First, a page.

Avoiding The Dark Side Of Social Media
If you look at social media as a collective group of instruments, the exciting part is that it’s, well, social. The discussion; the interaction; the dialogue is the game changer here.
Unfortunately, all too often the tone of discussion fails to live up to its potential. Just today, the Globe and Mail (re)stated its policy of closing comments on all Middle East stories:
"Past experience has demonstrated that too many people post racist, vulgar, abusive and offensive comments, often encouraging violence against specific individuals or peoples whenever we open comments on such stories."
The tone of discussion on other newspaper sites often falls to these levels too. Meanwhile, the commentary on sites like YouTube is notoriously vulgar.
Still, constructive and valuable conversations persist throughout the Internet using "social" tools. It’s these that offer the potential for businesses. The question for us as marketers and communications professionals is, how do we encourage and foster these discussions while keeping out the trolls?
Choose your issues carefully. If you write about politics, religion or similar types of topics, you’re going to attract controversy. Does your company need to wade into geo-political issues? In most cases, the chances are it won’t. If you do, be prepared for (sometimes over-)heated commentary.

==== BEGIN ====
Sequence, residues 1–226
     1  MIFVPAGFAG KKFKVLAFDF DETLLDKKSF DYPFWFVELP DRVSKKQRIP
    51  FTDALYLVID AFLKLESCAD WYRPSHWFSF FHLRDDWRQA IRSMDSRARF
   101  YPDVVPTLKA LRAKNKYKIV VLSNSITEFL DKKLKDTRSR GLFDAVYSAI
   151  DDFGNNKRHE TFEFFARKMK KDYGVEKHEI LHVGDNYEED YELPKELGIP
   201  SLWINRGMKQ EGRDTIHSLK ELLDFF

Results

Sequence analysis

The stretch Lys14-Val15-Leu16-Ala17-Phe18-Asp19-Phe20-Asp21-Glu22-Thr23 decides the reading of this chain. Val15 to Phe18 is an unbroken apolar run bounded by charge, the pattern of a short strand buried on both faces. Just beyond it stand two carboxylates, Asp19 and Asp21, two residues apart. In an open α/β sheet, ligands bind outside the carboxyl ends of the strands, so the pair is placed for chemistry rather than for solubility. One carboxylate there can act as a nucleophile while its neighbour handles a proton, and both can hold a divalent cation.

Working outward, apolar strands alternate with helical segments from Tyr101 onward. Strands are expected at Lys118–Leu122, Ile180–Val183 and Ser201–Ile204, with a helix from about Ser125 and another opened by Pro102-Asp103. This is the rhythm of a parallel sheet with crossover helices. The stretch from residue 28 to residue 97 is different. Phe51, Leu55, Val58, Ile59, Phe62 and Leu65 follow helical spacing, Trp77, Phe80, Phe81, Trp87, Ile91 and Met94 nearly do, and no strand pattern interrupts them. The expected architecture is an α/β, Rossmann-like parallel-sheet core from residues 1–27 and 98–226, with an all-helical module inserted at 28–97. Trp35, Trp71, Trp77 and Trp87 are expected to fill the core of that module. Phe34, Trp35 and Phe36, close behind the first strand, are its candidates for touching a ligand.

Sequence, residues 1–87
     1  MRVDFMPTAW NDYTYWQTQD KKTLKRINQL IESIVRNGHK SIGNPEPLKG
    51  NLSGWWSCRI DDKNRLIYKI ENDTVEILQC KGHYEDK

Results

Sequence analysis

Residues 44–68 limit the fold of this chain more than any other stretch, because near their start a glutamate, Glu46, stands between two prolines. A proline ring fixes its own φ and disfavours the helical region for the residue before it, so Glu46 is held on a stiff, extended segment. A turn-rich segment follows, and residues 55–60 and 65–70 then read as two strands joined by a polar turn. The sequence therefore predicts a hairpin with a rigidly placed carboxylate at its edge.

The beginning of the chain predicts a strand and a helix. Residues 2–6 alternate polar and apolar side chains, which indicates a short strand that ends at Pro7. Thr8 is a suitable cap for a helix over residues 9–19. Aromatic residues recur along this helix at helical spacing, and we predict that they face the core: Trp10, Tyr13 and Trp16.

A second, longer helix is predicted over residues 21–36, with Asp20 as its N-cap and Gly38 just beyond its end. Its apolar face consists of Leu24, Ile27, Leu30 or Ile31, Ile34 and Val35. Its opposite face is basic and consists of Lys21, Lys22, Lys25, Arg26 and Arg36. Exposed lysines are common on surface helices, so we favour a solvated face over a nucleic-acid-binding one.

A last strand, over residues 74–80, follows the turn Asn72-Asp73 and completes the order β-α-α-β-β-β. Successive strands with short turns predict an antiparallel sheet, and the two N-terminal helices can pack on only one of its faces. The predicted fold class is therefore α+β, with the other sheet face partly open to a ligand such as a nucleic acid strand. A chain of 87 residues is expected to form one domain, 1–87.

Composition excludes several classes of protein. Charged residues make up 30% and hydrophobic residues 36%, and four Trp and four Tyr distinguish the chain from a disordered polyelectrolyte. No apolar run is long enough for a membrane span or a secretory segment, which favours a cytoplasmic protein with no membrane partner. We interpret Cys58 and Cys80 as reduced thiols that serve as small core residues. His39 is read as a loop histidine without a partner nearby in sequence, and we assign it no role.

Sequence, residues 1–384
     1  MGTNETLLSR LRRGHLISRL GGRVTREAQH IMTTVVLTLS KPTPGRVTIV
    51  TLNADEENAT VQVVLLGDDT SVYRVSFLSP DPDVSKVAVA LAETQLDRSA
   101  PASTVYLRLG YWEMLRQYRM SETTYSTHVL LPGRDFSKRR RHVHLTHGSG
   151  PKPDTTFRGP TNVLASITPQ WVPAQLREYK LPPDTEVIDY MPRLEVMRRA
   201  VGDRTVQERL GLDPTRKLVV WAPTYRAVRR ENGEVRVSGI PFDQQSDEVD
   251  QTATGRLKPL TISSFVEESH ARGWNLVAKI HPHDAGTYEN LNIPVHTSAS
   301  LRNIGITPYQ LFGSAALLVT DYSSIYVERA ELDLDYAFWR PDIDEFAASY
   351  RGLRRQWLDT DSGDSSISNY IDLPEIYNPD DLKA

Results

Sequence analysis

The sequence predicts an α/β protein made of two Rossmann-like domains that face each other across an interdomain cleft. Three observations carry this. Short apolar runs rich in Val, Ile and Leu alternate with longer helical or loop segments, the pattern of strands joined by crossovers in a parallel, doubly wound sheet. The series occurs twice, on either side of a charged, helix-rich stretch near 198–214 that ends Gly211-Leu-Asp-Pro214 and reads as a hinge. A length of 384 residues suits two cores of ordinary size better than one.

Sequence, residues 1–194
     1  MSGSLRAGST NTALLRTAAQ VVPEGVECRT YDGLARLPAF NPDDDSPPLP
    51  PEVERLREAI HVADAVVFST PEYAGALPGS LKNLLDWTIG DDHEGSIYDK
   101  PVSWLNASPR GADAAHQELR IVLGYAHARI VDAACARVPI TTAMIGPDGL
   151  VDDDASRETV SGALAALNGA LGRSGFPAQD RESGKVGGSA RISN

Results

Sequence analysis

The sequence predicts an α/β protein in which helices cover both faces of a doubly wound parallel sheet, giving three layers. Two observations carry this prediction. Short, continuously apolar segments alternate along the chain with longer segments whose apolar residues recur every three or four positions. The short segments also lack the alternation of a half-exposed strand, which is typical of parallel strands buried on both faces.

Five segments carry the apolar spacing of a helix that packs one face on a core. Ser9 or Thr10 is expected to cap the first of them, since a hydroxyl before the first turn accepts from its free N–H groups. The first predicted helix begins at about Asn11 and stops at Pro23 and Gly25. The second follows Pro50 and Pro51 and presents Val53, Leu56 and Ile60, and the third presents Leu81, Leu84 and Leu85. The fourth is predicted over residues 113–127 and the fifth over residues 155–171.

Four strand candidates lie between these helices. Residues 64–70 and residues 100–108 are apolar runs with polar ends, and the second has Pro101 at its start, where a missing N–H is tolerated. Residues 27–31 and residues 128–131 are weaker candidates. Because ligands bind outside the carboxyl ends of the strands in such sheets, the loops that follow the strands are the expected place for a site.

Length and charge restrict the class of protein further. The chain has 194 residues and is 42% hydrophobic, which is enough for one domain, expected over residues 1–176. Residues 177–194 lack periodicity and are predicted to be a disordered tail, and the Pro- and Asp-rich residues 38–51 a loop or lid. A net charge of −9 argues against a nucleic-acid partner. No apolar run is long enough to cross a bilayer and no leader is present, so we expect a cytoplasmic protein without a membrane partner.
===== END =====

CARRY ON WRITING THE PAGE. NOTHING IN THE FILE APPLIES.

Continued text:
State and enforce a comment policy. Set the boundaries on your properties and stick to those boundaries.
Establish a process for engaging online. Decide the criteria that will determine whether you engage with a specific post or not. The US Air Force’s process has done the rounds online recently (thanks to Joey deVilla for flagging it). It features a series of questions which determine whether the post in question is one with which you should engage. Devise your own process, or use this one – it’s solid.
Practice what you preach. Be respectful to others, particularly if they disagree with you or vice versa. Remember, disagreement with you isn’t always a personal attack on you. Criticism can be good.
Don’t poke the trolls. Some people are just out to offend or to pick a fight. Don’t let them. Again, criticism is fine; attacks aren’t. Don’t respond to the latter unless you have to.
Know the rules of the game. Old-school marketing tactics are frequently received poorly in social media forums. Know what you’re getting into and know how to navigate the murky, nuanced waters of each venue in which you engage. If you’re not sure, get some professional advice (ahem).
What other tips would you offer?